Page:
Skip Global Navigation to Main Content
Skip Breadcrumb Navigation
Consular Report of Birth Abroad (CRBA)

Applying For a Consular Report of Birth Abroad (CRBA)

If you are a U.S. citizen and the parent of a child born outside of the United States, you will need to document your child’s citizenship with a Consular Report of Birth Abroad. This document is used in the United States like a certified copy of a birth certificate, and it is acceptable evidence of citizenship for obtaining a U.S. passport and entering school.  Although the application forms and final documents are the same everywhere, our embassies and consulates have different procedures to get them.  Please note that you still need to acquire a birth certificate from the country of birth of your child. For example, if your child was born in Mexico, your child will need a Mexican birth certificate, as well as a Consular Report of Birth Abroad (CRBA).

Application Forms

You will use the same application form -the DS-2029 (PDF 52.3KB)- no matter where you apply for the "Consular Report of Birth Abroad (CRBA)."

To make an appointment

To apply for a CRBA at the Consulate General in Monterrey, please schedule an Internet appointment.

Supporting Documents

You will need all of the following:

  1. The child’s foreign birth certificate, pre-natal care and hospital documents where the child was born.
  2. Proof of citizenship of the U.S. citizen parent(s).  Your current passport is the preferred form of proof. Your U.S. birth certificate or naturalization certificate is also acceptable.
  3. Proof of the relationship between the U.S. citizen parent(s) and the child.  Your child’s birth certificate with both parents’ names on it is the best form of proof. If your child was born out of wedlock, you will need to submit proof of relationship between you and your child's mother before the child was born.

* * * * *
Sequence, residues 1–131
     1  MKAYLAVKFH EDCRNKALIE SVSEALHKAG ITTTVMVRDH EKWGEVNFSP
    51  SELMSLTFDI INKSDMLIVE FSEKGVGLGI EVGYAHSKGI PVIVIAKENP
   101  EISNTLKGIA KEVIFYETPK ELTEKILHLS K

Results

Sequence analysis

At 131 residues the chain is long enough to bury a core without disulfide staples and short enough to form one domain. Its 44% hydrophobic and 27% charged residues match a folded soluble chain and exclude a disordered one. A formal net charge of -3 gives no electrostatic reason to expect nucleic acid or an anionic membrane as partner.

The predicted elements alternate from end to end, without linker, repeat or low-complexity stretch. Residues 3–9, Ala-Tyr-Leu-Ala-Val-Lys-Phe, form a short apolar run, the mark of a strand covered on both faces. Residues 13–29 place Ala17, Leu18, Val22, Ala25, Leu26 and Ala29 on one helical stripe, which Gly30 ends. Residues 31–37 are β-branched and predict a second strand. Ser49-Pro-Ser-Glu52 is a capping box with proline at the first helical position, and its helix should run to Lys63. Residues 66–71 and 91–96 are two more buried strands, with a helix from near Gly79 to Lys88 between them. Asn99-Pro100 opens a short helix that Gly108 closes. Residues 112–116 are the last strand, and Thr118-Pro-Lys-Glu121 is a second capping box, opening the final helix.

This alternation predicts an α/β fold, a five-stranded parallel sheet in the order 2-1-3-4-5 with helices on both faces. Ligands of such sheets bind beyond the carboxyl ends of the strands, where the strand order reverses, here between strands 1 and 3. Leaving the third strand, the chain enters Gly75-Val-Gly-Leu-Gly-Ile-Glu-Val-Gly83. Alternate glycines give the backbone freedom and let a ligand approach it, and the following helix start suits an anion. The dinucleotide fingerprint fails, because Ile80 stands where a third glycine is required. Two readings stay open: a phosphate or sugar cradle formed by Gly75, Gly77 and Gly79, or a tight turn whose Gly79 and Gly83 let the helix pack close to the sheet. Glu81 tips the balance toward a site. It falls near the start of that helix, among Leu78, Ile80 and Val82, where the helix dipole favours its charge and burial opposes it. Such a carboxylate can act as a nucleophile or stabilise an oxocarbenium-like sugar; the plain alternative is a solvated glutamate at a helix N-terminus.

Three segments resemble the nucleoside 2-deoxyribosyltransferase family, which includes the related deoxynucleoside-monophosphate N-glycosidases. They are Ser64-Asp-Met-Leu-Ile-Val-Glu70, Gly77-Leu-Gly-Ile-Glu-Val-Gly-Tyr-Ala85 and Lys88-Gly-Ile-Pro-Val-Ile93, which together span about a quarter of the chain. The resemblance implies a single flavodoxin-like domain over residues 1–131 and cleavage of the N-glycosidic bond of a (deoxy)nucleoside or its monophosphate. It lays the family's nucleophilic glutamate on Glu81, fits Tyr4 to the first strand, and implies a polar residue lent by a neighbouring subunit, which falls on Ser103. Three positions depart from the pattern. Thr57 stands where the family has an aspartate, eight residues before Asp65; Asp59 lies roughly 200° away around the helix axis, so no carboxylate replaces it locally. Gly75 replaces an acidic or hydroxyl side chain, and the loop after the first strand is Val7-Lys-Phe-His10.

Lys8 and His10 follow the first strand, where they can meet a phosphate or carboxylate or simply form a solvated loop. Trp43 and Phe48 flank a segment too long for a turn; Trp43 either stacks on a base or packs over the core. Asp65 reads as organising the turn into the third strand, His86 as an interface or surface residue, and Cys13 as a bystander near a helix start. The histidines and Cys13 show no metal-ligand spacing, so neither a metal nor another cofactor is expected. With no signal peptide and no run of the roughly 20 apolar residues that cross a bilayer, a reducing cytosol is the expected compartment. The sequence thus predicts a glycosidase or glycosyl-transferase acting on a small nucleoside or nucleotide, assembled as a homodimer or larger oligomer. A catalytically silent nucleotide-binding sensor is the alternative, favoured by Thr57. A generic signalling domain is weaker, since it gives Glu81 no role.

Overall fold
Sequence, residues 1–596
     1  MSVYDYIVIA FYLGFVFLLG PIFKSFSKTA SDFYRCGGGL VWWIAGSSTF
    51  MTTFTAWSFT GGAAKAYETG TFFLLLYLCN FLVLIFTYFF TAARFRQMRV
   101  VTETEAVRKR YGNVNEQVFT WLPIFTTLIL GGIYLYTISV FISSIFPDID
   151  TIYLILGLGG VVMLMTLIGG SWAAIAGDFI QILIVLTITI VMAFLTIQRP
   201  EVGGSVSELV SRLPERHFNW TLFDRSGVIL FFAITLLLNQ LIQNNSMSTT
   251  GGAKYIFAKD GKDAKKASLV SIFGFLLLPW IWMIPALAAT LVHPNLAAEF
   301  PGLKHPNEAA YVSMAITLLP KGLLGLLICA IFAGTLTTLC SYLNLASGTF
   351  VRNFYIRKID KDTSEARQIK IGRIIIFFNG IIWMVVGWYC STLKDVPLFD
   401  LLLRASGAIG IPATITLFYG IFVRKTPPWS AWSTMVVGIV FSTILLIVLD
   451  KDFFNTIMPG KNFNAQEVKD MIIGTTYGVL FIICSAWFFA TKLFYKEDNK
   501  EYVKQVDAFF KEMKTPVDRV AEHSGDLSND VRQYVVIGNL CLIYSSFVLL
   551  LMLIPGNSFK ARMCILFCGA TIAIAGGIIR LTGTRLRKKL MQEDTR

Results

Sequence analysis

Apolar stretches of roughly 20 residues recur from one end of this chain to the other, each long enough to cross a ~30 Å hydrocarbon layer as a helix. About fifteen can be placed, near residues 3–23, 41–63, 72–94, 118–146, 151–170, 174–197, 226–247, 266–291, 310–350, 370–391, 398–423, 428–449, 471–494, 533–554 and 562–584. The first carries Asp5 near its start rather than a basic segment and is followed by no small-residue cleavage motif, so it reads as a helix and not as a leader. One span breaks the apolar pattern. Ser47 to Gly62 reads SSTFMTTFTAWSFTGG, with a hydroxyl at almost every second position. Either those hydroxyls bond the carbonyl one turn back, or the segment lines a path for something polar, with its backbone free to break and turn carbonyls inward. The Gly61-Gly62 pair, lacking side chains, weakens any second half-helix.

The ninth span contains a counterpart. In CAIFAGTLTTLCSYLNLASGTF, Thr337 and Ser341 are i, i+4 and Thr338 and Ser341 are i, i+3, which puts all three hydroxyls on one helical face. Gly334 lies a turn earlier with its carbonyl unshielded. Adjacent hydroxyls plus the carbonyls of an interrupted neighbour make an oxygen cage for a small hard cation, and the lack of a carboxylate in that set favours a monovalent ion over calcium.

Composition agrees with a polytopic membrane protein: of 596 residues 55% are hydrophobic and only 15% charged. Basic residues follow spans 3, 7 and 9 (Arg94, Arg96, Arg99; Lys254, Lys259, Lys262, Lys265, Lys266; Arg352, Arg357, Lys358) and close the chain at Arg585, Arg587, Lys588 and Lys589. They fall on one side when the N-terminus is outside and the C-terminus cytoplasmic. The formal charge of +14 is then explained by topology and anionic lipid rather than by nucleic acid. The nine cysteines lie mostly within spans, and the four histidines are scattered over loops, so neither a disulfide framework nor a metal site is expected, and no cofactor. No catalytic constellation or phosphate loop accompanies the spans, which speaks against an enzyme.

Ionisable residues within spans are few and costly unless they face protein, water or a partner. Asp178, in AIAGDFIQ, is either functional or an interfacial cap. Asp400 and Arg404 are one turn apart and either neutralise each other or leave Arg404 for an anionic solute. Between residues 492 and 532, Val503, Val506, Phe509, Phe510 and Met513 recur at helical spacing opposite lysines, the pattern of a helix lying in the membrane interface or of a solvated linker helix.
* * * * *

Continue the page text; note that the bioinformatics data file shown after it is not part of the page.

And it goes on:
4. If you are married, we need to see proof.  If you have prior marriages, we need to see proof of how those marriages ended, and proof of your current marriage.
  5. A statement from either U.S. citizen parent and evidence that she/he lived in the U.S. long enough to transmit citizenship to her/his child.  The statement you give is called an Affidavit of Parentage, Physical Presence, and Support (PDF 165KB).

How long is long enough?  This will depend on whether the parents are married, and whether one or both is a U.S. citizen. Learn more about transmitting citizenship here

How you prove you were physically present will depend a lot on your situation.  There is no one-size-fits-all answer.  Some examples of acceptable evidence include school transcripts, old passports, income tax returns, utility bills in the name of the parent, employment records, military records, and or medical records.  The more you can provide, the easier it will be for the consular officer to approve the CRBA.

Fees

We charge fees for this service.  The current fee is $100.

The American Citizen Services Unit can be reached by email at MonterreyACS@state.gov or by phone at (81) 8047-3145 on weekdays between 2:00 and 4:00 p.m. with the exception of American and Mexican holidays, and on the following dates.

*Please note that electronic equipment, this includes cellular telephones, cameras (photo or video), radios, and computers, are not permitted inside the Consulate.  Suitcases, food, firearms, or any liquids including gel disinfectants are also not permitted.

American Citizen Services

Adobe Reader

  • Download Free
    Download Free

    All downloadable documents on this page are provided in PDF format.  To view PDFs you must have a copy of Adobe Acrobat Reader.  You may download a free version by clicking the link above.